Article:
Moral injury in civilians : associations with trauma exposure, PTSD, and suicide behavior


Moral injury (MI) describes emotional, spiritual, and social suffering that can arise following psychological trauma. Prior research in military populations indicates the relevance of MI to adverse psychological outcomes, such as post-traumatic stress disorder (PTSD) and suicidal behaviours, and shows evidence for MI as a unique construct. Minimal studies of MI have been implemented in civilians, usually restricted to small samples with a specific set of traumatic experiences, despite the conceptual relevance of MI to non-military trauma reactions more broadly (e.g. feelings of betrayal towards a perpetrator of sexual abuse).




To address this problem, we assessed MI in trauma-exposed civilians to examine ways in which this construct was related to and distinct from trauma and traumatic stress-related problems, including PTSD and depression.




We adapted an existing MI scale, Moral Injury Events Scale (MIES) and administered this measure to 81 men and women along with measures of trauma exposure, PTSD and depression, and also asked participants about past suicide attempts.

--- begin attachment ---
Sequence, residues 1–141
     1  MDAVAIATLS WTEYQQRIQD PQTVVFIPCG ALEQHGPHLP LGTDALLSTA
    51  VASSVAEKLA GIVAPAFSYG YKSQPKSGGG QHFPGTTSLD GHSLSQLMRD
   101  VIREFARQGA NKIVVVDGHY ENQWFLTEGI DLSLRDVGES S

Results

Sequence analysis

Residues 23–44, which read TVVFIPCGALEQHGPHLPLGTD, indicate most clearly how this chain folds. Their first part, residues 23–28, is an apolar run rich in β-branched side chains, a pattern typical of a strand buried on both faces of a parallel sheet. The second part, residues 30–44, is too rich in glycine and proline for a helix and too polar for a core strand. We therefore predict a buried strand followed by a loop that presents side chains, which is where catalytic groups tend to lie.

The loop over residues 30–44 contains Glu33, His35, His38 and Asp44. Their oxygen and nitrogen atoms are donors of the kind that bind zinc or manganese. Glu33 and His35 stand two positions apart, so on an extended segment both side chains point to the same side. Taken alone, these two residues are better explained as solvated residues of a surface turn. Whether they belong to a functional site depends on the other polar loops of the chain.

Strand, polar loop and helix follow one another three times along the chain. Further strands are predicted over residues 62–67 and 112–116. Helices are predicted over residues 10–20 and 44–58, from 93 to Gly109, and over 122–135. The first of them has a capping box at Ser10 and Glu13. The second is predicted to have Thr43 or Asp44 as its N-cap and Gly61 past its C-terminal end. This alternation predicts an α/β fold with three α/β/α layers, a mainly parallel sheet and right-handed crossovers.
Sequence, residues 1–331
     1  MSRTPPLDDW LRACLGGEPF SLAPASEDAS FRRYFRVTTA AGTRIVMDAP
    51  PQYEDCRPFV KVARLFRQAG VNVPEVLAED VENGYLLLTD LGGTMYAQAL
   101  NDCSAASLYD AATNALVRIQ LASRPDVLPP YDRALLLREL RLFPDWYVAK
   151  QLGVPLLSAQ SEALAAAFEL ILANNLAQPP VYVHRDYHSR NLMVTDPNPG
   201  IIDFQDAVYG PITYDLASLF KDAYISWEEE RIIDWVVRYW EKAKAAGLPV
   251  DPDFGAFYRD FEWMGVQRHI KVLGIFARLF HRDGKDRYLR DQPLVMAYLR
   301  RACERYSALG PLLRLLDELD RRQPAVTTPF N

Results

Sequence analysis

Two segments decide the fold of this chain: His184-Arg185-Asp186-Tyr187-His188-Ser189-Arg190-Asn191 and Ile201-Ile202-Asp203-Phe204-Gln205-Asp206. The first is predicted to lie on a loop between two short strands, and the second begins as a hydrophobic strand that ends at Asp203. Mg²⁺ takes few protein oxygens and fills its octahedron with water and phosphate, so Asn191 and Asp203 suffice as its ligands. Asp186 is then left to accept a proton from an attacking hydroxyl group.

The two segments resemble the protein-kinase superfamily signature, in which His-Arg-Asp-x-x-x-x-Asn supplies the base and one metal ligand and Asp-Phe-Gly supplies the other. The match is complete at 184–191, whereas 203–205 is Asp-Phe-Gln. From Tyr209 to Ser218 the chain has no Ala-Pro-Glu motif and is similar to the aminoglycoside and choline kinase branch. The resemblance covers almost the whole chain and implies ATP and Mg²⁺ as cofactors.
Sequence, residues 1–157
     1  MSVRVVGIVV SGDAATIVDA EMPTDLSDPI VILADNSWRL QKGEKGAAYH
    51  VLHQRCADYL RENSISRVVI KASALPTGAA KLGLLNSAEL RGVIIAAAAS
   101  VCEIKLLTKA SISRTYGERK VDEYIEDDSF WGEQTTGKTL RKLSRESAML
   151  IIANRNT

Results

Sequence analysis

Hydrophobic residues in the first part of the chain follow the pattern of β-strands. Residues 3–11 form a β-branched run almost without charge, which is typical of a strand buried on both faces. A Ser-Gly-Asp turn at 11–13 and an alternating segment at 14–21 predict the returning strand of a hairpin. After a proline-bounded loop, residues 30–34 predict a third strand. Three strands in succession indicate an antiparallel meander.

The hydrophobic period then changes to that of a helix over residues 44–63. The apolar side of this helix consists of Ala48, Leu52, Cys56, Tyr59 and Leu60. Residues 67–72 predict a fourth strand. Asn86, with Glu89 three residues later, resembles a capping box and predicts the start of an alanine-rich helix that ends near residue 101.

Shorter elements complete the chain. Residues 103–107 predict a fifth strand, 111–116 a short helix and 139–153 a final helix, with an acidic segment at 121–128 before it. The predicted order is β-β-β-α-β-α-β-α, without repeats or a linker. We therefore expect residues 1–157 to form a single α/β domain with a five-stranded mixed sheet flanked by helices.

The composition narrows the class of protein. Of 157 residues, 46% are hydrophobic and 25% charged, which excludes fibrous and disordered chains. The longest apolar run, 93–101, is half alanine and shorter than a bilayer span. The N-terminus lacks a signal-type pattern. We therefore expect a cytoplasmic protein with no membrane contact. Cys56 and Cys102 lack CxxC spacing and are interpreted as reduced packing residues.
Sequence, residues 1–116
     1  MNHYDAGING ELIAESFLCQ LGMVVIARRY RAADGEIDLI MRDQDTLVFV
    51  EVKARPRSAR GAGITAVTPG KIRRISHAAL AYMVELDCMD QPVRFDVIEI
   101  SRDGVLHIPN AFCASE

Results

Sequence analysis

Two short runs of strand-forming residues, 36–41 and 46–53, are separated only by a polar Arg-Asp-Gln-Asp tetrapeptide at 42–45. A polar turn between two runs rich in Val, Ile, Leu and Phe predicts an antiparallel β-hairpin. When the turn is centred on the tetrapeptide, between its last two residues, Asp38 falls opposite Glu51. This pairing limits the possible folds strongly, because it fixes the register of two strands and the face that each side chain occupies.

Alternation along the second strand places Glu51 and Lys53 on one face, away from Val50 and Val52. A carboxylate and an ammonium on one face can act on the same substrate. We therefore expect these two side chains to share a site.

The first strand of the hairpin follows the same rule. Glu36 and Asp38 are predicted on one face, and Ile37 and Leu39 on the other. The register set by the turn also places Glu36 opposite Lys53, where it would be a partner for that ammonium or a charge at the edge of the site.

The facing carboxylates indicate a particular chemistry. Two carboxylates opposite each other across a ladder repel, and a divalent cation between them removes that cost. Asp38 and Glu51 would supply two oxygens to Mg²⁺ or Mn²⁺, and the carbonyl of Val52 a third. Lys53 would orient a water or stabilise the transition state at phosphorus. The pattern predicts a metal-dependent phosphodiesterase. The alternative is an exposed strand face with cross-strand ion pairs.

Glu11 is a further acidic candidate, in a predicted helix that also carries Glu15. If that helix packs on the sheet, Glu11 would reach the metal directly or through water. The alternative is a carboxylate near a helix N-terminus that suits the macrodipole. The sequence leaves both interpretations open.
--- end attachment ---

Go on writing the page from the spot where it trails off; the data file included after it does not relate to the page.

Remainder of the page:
We observed that both greater exposure and distress related to potentially morally injurious events were associated with higher trauma exposure, particularly childhood maltreatment, as well as post-traumatic and depressive psychopathology. However, even after accounting for current PTSD and depression symptoms, MI exposure (F = 6.05, p = .017) was significantly higher among participants who had previously attempted suicide.




These pilot data reveal the ways in which MI is associated with trauma exposure, PTSD and depression and highlight the salience of MI in civilians. Similarly, these data demonstrate the unique relevance of MI to suicide behaviours, independent of post-traumatic psychopathology, indicating that this construct may be an understudied contributor to suicide risk in civilians.


•  Moral injury (MI) describes emotional, spiritual, and social suffering emerging after psychological trauma.


•  Despite conceptual relevance to civilian trauma, it has been largely assessed in military populations.


•  We assessed MI in a sample of high trauma-exposed civilians, finding associations with interpersonal trauma, PTSD, and depression, as well as past suicide attempt.

Negar Fani, Joseph M. Currier, Matthew D. Turner, Alfonsina Guelfo , Madeleine Kloessa , Jahnvi Jain, Yara Mekawi, Eva Kuzyk, Rebecca Hinrichs, Bekh Bradley, Abigail Powers, Jennifer S. Stevens, Vasiliki Michopoulos, and Jessica A. Turner | 2021
In: European Journal of Psychotraumatology ; ISSN: 2000-8066 | 12 | 1 | juli
Affected Populations, Exposure, Guilt, Moral Injury (eng), Posttraumatic Stress Disorder, Psychotrauma, PTSD (en), Shame, Suicidality, Traumatic events, Urban Populations